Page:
We are less than a week away from the launch of AMD’s RX 480 GPU, and Tom’s Hardware is already testing out the RX 480 and preparing a review. Although we can’t tell you anything new, we are allowed to show you a few images of the RX 480 reference card to whet your appetite.
From the first image, you can see that the GPU has a single six-pin PCI-E power connection. Because the RX 480 requires just 150 W of power, the power from the PCI-E slot and the six-pin connection are adequate to keep the card running. This version of the RX 480 may have limited overclocking headroom, however, so if you plan to overclock the RX 480, you probably want to hold off for AMD’s partners to release custom board designs of the GPU.
Looking at the back of the card, you can see that it is relatively short, just slightly longer than the PCI-E x16 connection itself. The reference card’s blower-style cooler makes the GPU considerably longer than the PCB.
The RX 480 will officially launch June 29. Stay tuned for our full review.
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Nice looking GPU. I hope it performs very well.Reply
I think even the most devoted Nvidia fanboy is hoping that it performs well, if only for the sake of AMD and competition.Reply
I can tell you, you will be surprised how well it performs !Reply
I have some info from German site forums.
R390X/980 -> prepare to be punished by RX480 8GB...
Its a worry they don't seem to want any full reviews out before release? Something to hide?Reply
Awe it's such a wee wittle card makes my 2 Sapphire 390x cards look very very large..lol I see no reason for me to upgrade to this card or cards except maybe to save on the power bill a bit and make some room in my system case...lolReply
I am not sure how you edit a comment from here but I wanted to add to my last comment this. The truth of the matter is I think Nvidia pretty much surprised AMD with the 1080 and 1070 series cards because I do not think AMD thought Nvidia would be fool enough to run the new cards at pretty much their max clock speeds with little headroom left for any overclocking. I am sure if AMD wanted to they could have been just as crazy & clocked the RX 480 into a R9 490 at least & traded blows with at least the GTX 1070. BUt they choose the smarter path and are now going to target what was going to be their new highend card to replace the fury but instead choose to keep things chill and go for the more traveled mid ranged market and hopefully they make a fist full of money by doing this and get into a better position business wise. I also have a sneaking thought of that Microsoft may have had some dealings in this because of the revised xbox one 2.0 because 2304 cores seems like a really weird place to leave off with for the core count. I think we might find MS got the full chip for their new revised xbone 2.0 that is just my theory anyways if the xbone 2.0 does indeed have more cores then we know I was on the right path because we know MS is not likely to want to clock the hell out of the GPU to get that 6 Teraflops from it like AMD has done some what with the RX480 @1266MHz to get 5.5 Teraflops time will tell I guess because as it stands AMD has no option for a RX480x GPU if this is indeed the full Polarus 10 chip just saying.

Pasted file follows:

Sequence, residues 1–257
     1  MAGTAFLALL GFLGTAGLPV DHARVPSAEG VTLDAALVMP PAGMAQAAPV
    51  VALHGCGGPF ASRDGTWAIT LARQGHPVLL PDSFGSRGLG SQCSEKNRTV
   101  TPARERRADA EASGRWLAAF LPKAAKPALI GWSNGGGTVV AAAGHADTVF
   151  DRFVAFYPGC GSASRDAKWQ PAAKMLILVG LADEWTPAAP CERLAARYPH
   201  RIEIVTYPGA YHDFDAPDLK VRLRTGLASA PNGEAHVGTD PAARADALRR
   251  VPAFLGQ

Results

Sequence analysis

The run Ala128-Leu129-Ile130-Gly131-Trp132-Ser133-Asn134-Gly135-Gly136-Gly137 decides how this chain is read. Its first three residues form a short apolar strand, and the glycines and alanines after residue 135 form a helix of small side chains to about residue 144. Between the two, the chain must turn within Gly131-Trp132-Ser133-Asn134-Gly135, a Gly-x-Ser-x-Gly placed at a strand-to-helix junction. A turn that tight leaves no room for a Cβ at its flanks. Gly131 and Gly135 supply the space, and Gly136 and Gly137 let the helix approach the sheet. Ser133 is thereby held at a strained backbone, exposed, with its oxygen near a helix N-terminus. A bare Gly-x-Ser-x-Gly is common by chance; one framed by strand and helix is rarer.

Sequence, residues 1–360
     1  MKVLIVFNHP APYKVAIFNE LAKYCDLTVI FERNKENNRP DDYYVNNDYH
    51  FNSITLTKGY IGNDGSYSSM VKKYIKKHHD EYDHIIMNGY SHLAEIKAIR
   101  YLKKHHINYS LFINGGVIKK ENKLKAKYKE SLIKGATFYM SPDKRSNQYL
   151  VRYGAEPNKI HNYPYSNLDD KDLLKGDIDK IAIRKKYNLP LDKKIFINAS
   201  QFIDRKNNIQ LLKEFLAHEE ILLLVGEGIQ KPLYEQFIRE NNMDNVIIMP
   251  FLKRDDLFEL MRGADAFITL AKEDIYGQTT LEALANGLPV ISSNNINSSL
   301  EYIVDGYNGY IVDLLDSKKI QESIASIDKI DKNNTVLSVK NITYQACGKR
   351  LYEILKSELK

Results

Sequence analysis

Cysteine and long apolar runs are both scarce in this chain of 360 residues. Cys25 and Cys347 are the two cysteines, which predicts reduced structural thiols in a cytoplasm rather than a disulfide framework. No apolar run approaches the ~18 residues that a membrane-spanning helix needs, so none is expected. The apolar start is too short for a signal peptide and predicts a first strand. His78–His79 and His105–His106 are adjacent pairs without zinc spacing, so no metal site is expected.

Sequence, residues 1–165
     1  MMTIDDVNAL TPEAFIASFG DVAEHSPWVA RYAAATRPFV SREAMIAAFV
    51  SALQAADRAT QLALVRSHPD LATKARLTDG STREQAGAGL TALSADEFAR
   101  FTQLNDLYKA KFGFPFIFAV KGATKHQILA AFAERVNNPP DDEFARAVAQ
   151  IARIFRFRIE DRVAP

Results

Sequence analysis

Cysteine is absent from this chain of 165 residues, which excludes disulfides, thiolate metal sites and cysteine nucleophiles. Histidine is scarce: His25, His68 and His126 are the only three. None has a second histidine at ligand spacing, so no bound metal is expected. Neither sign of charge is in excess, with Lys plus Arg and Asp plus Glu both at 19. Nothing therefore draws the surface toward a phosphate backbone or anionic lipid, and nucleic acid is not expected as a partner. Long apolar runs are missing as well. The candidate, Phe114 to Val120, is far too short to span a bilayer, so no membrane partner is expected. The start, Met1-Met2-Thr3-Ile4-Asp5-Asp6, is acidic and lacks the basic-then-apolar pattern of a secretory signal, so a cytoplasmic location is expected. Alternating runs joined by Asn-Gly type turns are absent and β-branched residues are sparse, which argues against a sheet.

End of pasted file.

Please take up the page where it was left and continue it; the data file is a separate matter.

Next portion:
Mod Edit: Added comment to your previous comment like you wanted. :)
From the leaks I've seen, it's still slower than the GTX 1070, though it's also quite a bit cheaper. I think its main competition will be the GTX 1060.18170206 said:I can tell you, you will be surprised how well it performs !
No, it's standard for manufacturers to impose a moratorium on all the press to whom they provide pre-release samples. That's why all the reviews seem to magically appear on the same day. Breaking the moratorium could mean no more pre-release samples, or worse.18170239 said:Its a worry they don't seem to want any full reviews out before release? Something to hide?
The point of this is so that sites like Toms can provide quality reviews that aren't overly rushed, yet are still timed within a certain window of street availability.
I am still using a GTX 670 and it is only this past year where it hasn't been able to preform at 1080p the way I want. This would probably be a fine upgrade to replace that.Reply
In many ways, this is like the next generation of GTX 750 ti. It's extremely power efficient, very tiny (PCB wise...expect even smaller aftermarket coolers), and is incredibly powerful.Reply
18170176 said:I think even the most devoted Nvidia fanboy is hoping that it performs well, if only for the sake of AMD and competition.
I wish that were true but I've encountered far too many of these fanboys over the last few months, they don't really care. These are the people who bought the Titan X when it launched only to be trumped 2 weeks later by the 980 Ti for $400 less and still defend Nvidia. These are the people who buy into the whole "founders edition" crap that Nvidia has going on with the 1070 and 1080. Nvidia really boned it's board partners by marking the founders edition up by $100 and selling it themselves instead of through their partners. Great way to make money, piss of your fans, and screw your board partners all at once.
I swore that I'd never go back to AMD last year when I switched to the GTX 960, because of their annoying driver update regime....Reply
I guess I have a future in politics, because my body is ready for this card! :D